Mind you, Wei Chuan (the company that makes this Popsicle also makes them in taro flavored, peanut, green bean, and more. They also create fabulous frozen dumplings and wontons. Basically, they are life savers)
I figured there were PLENTY of people already reviewing "healthy foods," energy bars, frozen meals, blah blah blah...but have you ever walked down the Asian grocery store isle and wondered...hmmmm is the green tea mochi tastier than the red bean? Would trader Joe's have the same thing...cheaper??? muhaha. Because I HAVE. I encourage anyone who already reviews Asian products purchased from their US grocery store to leave me a comment so I can make better decisions the next time I go!
Here I go.
I literally tore open the plastic wrap and stuffed the Popsicle into my mouth and gave it 1 great suck. It was heaven in my mouth. Incredibly, this ice pop that was sweet and milky enough so that you felt like it wasn't too watery nor too rich. When I finished this treat, I was actually satisfied. Sometimes I get the feeling that I want another Popsicle after the first one because I'm just not satisfied. Nothing like that in this case. :) yippeee!
As you can see, the Popsicle is made up of two solid components. You have the big, whole chunks of sweet red beans criss-crossed with those green jelly objects. Those are what the Asians called "ju luo" - I like to call it Chinese jelly, which has a consistency slightly more chewy than jello itself. According to wikipedia, this is actually called Nata de Coco and has origins in the Philippines. (see below) Thus, the texture varies between soft (red beans), chewy (nata), and just melt-in-your-mouth bliss!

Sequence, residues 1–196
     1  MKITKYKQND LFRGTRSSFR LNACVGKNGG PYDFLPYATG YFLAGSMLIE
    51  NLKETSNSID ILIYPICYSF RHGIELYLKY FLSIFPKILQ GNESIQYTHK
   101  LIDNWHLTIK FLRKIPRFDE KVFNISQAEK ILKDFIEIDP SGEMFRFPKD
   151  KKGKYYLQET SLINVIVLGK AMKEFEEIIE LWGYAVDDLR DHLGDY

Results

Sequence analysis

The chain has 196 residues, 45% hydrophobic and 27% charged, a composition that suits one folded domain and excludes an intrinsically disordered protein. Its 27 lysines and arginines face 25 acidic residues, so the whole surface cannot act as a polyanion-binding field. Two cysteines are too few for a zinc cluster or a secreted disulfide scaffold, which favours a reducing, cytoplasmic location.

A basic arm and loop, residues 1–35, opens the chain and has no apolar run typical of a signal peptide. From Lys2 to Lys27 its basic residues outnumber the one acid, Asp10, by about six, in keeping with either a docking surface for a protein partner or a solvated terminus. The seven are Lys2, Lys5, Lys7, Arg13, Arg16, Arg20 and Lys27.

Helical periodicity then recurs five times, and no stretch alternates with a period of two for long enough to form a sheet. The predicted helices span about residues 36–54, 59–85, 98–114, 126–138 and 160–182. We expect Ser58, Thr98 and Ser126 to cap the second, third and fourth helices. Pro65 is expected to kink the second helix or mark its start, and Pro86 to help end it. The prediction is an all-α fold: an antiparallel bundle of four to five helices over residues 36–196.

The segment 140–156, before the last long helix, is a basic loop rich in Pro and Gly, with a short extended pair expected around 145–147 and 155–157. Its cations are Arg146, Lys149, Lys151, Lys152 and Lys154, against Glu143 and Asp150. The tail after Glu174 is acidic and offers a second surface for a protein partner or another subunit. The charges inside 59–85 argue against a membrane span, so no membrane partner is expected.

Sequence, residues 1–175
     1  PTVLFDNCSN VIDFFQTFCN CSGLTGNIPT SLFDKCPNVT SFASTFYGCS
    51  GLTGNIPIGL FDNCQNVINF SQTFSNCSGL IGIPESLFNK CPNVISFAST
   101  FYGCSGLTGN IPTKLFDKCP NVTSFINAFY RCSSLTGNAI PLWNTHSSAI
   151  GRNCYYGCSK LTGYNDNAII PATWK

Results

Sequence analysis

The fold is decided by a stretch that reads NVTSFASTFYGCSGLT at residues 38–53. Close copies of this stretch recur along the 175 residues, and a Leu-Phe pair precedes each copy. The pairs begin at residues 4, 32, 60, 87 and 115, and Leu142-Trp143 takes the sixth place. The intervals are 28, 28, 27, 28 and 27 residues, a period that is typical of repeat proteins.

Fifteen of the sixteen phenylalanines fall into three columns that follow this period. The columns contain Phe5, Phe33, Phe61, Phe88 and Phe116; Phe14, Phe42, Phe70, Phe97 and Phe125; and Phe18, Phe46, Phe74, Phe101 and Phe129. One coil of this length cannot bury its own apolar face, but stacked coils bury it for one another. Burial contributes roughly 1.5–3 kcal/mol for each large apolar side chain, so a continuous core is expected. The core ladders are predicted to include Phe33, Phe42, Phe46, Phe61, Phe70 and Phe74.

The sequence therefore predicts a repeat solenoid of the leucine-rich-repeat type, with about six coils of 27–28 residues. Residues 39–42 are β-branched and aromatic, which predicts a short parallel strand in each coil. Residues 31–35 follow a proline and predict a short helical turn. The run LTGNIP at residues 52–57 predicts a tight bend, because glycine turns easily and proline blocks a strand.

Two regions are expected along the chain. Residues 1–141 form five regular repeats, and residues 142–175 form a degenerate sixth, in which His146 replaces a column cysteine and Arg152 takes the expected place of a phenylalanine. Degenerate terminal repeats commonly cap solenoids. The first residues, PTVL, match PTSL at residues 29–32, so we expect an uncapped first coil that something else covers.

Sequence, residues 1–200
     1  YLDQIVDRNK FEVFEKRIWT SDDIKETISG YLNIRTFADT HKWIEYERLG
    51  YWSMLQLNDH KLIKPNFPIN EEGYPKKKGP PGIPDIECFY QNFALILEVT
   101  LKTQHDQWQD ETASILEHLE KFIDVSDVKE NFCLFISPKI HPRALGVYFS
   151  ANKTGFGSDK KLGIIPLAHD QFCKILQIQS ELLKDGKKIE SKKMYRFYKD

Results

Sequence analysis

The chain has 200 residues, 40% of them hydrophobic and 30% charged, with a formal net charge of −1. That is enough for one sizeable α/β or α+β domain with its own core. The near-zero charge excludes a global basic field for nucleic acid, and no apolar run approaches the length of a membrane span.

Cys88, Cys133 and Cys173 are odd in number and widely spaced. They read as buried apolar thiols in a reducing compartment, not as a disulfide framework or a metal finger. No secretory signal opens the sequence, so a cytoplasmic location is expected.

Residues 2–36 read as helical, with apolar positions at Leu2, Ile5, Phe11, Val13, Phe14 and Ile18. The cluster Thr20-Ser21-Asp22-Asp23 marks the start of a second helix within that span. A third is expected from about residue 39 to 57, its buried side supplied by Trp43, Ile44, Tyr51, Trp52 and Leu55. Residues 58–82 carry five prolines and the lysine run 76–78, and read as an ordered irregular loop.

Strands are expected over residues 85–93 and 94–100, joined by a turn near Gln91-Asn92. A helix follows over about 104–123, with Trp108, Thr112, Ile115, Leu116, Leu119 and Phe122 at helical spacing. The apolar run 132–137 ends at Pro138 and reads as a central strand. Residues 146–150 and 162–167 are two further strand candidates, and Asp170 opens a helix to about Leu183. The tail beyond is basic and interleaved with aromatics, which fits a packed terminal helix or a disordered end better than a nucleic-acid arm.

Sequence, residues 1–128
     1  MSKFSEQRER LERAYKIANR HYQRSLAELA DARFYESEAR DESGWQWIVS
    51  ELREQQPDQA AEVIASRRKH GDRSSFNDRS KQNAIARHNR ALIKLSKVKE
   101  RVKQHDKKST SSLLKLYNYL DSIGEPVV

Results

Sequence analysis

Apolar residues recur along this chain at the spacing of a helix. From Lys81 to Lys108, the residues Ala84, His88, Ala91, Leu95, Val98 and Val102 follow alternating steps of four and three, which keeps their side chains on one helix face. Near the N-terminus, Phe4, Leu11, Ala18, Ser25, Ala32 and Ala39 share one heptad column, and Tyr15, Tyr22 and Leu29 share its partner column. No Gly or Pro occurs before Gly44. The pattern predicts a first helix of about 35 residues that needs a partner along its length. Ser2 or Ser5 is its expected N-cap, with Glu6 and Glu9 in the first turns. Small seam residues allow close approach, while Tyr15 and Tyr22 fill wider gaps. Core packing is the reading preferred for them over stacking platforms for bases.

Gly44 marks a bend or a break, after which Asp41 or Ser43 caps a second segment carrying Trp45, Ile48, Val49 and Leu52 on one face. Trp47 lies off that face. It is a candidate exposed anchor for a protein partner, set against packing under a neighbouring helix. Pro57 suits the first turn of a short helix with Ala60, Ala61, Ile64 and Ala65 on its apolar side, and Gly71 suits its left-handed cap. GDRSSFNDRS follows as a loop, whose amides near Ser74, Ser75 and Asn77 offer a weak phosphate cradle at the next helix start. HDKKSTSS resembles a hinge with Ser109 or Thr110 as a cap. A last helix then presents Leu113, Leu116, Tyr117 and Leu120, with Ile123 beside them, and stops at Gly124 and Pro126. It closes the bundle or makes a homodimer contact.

Now for the health conscious, here is the nutritional label. **Update** According to Joe (see comments) the calories don't add up...the bar may have up to 180 calories!
90 Calories a pop. 9 grams of fat. 21g carbs. 3g protein.
The top 3 ingredients are: filtered water, red beans, red bean paste.
Grocery store: Hmart in Niles, IL
Product: Wei Chuan Red Bean (adzuki bean) milk ice bar
Price: $2.09 and worth every penny
Pros: Totally worth the calories. A great sweet treat and intro to red bean. 1 treat hits the spot.
Cons: Ummm it may be a little sweet for most Asians...perfect for me. The nata de coco can put people off if you're not expecting its chewiness or you prefer not having to work your jaws for a Popsicle.
Details: This is a red bean soup/paste. It is basically cooked red beans with sugar and can be used for many dessert fillings (like mochi). All Asians somehow make use of this wonderful bean!
Nata de CoCo - According to wikipedia, this is "a chewy, translucent, jelly-like food product produced by the bacterial fermentation of coconut water. Nata de coco is most commonly sweetened as a candy or dessert, and can accompany many things including pickles, drinks, ice cream, puddings and fruit mixes. The product originates from the Philippines."